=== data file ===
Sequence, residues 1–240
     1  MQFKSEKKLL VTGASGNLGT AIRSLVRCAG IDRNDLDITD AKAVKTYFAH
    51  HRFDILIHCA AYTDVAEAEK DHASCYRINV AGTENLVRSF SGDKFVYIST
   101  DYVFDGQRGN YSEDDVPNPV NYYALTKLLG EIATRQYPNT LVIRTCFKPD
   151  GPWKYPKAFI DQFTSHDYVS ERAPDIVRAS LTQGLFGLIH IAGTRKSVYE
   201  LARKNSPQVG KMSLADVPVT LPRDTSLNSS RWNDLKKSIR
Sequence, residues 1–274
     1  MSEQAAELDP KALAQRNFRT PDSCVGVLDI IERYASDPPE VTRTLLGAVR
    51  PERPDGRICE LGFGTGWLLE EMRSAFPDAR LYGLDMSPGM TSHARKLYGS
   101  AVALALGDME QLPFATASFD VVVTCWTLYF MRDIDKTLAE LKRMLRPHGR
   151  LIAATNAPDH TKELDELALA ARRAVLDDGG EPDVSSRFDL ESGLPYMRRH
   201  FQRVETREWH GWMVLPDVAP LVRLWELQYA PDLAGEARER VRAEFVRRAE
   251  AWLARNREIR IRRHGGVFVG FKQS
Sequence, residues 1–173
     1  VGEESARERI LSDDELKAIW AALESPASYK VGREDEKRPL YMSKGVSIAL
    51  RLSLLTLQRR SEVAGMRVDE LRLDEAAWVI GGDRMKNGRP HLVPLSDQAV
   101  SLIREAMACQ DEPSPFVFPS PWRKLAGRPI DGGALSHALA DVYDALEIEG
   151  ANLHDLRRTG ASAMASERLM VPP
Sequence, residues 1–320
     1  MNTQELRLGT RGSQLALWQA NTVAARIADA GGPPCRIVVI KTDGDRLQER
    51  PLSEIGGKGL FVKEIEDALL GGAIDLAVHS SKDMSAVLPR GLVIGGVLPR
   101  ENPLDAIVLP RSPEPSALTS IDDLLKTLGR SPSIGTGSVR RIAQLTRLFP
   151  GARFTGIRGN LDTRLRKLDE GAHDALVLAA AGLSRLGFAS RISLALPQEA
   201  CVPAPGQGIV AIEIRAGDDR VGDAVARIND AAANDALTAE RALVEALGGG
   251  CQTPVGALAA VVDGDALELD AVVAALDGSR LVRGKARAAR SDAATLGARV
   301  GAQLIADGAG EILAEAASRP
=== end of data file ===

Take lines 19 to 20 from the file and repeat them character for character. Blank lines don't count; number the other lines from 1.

Sequence, residues 1–320
     1  MNTQELRLGT RGSQLALWQA NTVAARIADA GGPPCRIVVI KTDGDRLQER